The battle against Medicare fraud scored another big win last week with the arrest of 94 people in five states. At the same time that special federal strike forces were rounding up suspects, officials were gathering in Miami for a health care fraud prevention summit that yielded an important announce-ment in the fight to eliminate fraud in the Medicare and Medicaid systems. U.S. Health and Human Services Secretary Kathleen Sebelius announced federal funding to help Florida conduct a demonstration program that will give investigators access to Medicaid Management Information System billing data to help identify cases of potential fraud. More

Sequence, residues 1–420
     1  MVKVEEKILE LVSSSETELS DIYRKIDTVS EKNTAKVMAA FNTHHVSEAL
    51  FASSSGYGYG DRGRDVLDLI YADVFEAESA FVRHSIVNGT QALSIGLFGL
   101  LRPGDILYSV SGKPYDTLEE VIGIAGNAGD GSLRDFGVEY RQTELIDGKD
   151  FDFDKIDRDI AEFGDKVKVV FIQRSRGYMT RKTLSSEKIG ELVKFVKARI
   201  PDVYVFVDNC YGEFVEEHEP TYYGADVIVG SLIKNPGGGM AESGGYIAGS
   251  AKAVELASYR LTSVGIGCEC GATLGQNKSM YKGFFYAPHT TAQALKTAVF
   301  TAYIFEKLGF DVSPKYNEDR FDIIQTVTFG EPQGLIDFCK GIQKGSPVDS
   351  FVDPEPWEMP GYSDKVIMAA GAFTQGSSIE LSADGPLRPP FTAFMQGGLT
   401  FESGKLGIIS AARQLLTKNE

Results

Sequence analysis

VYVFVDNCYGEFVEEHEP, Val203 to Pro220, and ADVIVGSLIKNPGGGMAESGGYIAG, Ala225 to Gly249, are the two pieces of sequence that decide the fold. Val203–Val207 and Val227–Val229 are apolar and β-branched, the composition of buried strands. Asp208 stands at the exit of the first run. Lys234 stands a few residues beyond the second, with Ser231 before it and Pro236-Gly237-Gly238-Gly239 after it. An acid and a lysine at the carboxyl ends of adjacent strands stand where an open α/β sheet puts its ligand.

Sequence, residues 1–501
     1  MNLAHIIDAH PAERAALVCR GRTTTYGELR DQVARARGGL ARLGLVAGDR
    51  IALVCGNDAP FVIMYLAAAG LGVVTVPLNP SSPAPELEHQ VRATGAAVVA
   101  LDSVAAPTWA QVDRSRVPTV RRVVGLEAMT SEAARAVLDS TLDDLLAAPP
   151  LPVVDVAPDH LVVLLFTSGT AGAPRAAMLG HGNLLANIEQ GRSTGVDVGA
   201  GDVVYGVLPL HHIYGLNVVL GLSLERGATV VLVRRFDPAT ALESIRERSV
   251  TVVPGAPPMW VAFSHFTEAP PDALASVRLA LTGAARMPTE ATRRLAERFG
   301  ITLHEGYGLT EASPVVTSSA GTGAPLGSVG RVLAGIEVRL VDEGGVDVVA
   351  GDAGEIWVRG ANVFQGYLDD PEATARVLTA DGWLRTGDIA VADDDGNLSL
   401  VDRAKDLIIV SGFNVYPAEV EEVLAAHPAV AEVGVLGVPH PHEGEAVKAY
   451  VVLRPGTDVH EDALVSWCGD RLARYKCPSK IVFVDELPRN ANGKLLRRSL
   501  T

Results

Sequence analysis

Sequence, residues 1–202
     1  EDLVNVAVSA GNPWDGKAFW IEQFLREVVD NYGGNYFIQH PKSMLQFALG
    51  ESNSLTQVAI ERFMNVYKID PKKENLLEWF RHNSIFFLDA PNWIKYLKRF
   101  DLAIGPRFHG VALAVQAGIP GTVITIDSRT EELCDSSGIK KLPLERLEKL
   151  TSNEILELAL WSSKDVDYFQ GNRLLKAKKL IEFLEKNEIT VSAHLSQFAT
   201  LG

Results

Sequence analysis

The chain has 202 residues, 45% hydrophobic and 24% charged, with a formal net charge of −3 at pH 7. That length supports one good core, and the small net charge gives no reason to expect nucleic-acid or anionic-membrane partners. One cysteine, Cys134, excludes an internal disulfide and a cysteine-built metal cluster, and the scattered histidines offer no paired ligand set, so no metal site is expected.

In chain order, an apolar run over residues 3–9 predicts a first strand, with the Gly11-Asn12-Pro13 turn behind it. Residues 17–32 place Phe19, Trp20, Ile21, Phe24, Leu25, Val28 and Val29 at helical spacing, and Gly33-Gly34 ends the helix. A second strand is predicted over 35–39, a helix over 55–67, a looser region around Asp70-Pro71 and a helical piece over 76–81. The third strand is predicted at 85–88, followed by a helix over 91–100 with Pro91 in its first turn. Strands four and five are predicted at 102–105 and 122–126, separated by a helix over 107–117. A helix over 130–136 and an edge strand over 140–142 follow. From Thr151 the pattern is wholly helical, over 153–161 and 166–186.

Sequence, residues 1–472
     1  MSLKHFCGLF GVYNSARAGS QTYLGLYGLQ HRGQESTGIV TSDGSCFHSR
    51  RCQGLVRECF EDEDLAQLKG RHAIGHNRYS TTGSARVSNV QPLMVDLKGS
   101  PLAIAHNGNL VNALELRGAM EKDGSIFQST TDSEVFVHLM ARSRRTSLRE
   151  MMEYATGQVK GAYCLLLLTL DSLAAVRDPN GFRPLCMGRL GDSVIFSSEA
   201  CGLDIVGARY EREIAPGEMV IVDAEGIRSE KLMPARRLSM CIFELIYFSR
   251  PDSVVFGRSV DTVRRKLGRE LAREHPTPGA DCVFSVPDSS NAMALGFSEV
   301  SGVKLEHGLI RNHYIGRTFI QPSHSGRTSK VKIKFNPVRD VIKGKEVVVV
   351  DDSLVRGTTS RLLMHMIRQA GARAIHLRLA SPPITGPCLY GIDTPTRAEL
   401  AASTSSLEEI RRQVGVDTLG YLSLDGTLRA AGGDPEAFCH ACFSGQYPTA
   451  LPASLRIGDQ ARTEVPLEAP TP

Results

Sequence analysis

Senate unlikely to take up gap in Medicaid
Richmond County Daily Journal    Share    Share on FacebookTwitterShare on LinkedinE-mail article
It appears doubtful the U.S. Senate will decide the fate of enhanced federal Medicaid matching funds for the states this afternoon, despite rumors to the contrary Monday. The Senate probably will consider extending unemployment insurance benefits to the nation’s jobless. A spokesperson from U.S. Sen. Richard Burr’s office said Federal Medical Assistance Percentages (FMAP) funding will not be included in the unemployment bill, while a spokesperson from U.S. Sen. Kay Hagan’s office said it appeared Monday afternoon the funding would not be included in the bill. More

Health overhaul may overshadow strong managed-care 2Q
The Wall Street Journal    Share    Share on FacebookTwitterShare on LinkedinE-mail article